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September 28th, 2010
12:01 AM ET

Don't know much about religion? You're not alone, study finds

Odds are that you know Mother Teresa was Catholic, but what religion is the Dalai Lama?

How about Maimonides?

And - no Googling - what's the first book of the Bible? How about the first four books of the New Testament?

Americans who can answer all of those questions are relatively rare, a huge new study has found.

In fact, although the United States is one of the most religious developed countries in the world, most Americans scored 50 percent or less on a quiz measuring knowledge of the Bible, world religions and what the Constitution says about religion in public life.

The survey is full of surprising findings.

For example, it's not evangelicals or Catholics who did best - it's atheists and agnostics.

It's not Bible-belt Southerners who scored highest - they came at the bottom.

Those who believe the Bible is the literal word of God did slightly worse than average, while those who say it is not the word of God scored slightly better.

Barely half of all Catholics know that when they take communion, the bread and wine literally become the body and blood of Christ, according to Catholic doctrine.

And only about one in three know that a public school teacher is allowed to teach a comparative religion class - although nine out of 10 know that teacher isn't allowed by the Supreme Court to lead a class in prayer.

The Pew Forum on Religion & Public Life is behind the 32-question quiz, polling more than 3,400 Americans by telephone to gauge the depth of the country's religious knowledge.

Read CNN Belief Blog contributor and Pew adviser Stephen Prothero's take on the survey

"When it comes to religion, there are a lot of things that Americans are unfamiliar with. That's the main takeaway," says Greg Smith, a senior researcher at the think tank and one of the main authors of the survey.

Smith has a theory about why atheists did so well on the quiz - they have thought more about religion than most people.

"Very few people say that they were raised as atheists and agnostics," he explains.

About three out of four were raised as Christians, he says.

"They were raised in a faith and have made a decision to identify themselves with groups that tend to be fairly unpopular," atheists and agnostics, he says.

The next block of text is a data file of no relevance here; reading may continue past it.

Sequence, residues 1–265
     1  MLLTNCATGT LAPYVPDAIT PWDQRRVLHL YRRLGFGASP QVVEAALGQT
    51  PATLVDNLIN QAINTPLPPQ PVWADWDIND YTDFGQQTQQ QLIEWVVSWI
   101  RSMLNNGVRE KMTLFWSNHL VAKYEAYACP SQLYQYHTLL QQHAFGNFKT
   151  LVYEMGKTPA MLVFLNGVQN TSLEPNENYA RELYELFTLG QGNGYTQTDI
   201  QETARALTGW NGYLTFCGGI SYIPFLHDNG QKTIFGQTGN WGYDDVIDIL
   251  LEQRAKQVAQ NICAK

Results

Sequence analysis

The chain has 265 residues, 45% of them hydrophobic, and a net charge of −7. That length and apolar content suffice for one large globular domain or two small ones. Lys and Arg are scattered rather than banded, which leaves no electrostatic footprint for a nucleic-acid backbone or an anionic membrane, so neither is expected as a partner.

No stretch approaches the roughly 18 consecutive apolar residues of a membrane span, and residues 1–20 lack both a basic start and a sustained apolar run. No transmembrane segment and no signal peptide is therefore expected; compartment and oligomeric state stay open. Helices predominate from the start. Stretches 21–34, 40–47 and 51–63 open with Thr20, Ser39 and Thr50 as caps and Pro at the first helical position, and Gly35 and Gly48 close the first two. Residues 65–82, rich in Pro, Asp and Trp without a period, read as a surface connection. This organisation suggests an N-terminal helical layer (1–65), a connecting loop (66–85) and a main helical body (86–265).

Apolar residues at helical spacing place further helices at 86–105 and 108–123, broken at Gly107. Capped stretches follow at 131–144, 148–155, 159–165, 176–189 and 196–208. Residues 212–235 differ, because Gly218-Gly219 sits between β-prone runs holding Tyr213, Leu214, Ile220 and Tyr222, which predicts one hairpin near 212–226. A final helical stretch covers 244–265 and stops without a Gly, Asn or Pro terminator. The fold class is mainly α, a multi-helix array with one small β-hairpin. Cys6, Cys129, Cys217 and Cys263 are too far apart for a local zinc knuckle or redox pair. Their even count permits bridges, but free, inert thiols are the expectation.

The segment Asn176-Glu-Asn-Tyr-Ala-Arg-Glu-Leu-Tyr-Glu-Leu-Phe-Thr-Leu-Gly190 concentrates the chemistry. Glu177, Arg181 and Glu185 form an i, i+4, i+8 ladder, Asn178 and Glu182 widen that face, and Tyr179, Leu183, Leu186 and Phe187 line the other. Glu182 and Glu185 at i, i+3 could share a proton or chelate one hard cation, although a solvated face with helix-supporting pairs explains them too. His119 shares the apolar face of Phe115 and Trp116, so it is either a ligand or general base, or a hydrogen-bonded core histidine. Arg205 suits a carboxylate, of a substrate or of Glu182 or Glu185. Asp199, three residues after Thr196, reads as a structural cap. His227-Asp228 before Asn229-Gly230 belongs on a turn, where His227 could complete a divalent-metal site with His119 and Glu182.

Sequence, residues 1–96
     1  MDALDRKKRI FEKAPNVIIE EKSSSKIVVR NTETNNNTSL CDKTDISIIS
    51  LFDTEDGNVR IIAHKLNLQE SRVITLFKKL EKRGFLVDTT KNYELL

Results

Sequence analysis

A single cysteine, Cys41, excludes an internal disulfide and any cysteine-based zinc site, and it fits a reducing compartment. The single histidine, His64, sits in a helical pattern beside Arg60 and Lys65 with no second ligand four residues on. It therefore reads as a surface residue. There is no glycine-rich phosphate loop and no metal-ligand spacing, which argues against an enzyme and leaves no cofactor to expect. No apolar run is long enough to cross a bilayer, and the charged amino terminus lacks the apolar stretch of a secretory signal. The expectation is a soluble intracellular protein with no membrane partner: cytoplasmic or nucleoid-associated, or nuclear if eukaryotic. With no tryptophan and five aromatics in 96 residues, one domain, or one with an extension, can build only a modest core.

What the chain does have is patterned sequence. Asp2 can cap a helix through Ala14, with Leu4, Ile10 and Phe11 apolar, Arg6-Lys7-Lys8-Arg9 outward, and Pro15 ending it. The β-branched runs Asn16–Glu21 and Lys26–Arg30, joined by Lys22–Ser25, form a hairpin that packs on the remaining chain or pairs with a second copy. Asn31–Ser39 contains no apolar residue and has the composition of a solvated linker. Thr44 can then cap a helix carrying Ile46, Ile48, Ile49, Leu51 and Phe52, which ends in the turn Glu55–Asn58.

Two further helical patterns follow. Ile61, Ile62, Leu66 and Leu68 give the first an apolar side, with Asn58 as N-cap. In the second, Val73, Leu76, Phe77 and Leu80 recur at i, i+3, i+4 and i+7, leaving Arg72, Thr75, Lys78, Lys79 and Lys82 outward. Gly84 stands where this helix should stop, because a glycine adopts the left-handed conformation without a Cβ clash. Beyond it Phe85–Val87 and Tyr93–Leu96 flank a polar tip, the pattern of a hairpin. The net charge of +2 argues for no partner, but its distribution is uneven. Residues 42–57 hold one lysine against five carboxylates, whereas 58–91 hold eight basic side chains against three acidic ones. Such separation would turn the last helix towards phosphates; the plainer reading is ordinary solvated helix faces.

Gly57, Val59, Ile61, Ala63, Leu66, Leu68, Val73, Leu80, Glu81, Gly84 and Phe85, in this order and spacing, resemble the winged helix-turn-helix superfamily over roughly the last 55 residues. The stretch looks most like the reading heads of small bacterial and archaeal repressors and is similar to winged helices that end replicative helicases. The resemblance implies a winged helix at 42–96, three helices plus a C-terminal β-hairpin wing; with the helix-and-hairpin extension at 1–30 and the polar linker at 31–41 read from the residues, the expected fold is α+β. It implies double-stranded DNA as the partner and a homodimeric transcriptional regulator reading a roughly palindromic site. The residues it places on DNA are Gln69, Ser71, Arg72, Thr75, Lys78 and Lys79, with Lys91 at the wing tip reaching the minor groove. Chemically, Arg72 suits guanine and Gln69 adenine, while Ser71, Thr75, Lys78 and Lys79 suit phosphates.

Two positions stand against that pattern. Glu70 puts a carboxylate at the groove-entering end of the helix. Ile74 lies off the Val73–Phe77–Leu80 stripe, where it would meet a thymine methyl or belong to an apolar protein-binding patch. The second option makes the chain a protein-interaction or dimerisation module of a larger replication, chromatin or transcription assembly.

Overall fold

"That decision presupposes having given some thought to these things," which is strongly linked with religious knowledge, he says.

The single strongest factor predicting how well a person does on the religious knowledge quiz is education - the more years of schooling a person has, the more they are likely to know about religion, regardless of how religious they consider themselves to be, Pew found.

"The No. 1 predictor without question is simply educational attainment," Smith said.

The think tank also asked a handful of general knowledge questions - such as who wrote "Moby-Dick" and who's the vice president of the United States - and found a link between religious knowledge and general knowledge.

Very few people scored high on religion questions and badly on general knowledge, or vice versa.

People who were members of religious youth groups also did well, he said.

"Religious education is an important factor that helps to explain knowledge - people who participated in youth groups get an average of two extra questions right," he said.

Jews and Mormons were close behind atheists and agnostics as the group who did best overall on the religion questions, and white evangelical Protestants also tended to get more than half right.

White Catholics averaged exactly half right, followed by mainline Protestants and people who said they were "nothing in particular," both of whom got just under half right.

Black Protestants got just over a third of the questions right, and Hispanic Catholics just under a third, the Pew Forum found.

The survey was inspired partly by CNN Belief Blog contributor Stephen Prothero's 2007 book, "Religious Literacy: What Every American Needs to Know - And Doesn't."

Because the Pew Forum couldn't find any indication that such a survey has ever been done before, it can't say if Americans today know more or less about religion now than they did in the past.

And the organization doesn't claim too much for its 32 questions.

They "are intended to be representative of a body of important knowledge about religion; they are not meant to be a list of the most essential facts," the Pew Forum says.

Only eight of the 3,412 survey respondents got all 32 questions right. Six got them all wrong.

- Newsdesk editor, The CNN Wire

Filed under: Atheism • Catholic Church • Christianity • Culture & Science • Islam • Judaism • Mormonism • United States

soundoff (1,855 Responses)
  1. Brandi

    I am an atheist, and i sure did get 9 out of 10 right! People should educate themselves. I guess if they did, we wouldn't have so many religious nuts running around.

    September 28, 2010 at 12:25 pm |
  2. Your God is Dead

    Who cares?! Religion is a hoax that preys on those of the weak mind who are highly materialistic. They need to believe in something comes after death to calm their pea-sized intellect. Here's a thought: rather than following a group of men who play with little boys or believing in a religion which has you eating flesh and drinking blood every sabath or believing in a divine being that calls for you to stone disobedient children, why don't you simply think for yourself.

    September 28, 2010 at 12:24 pm |
  3. A Adams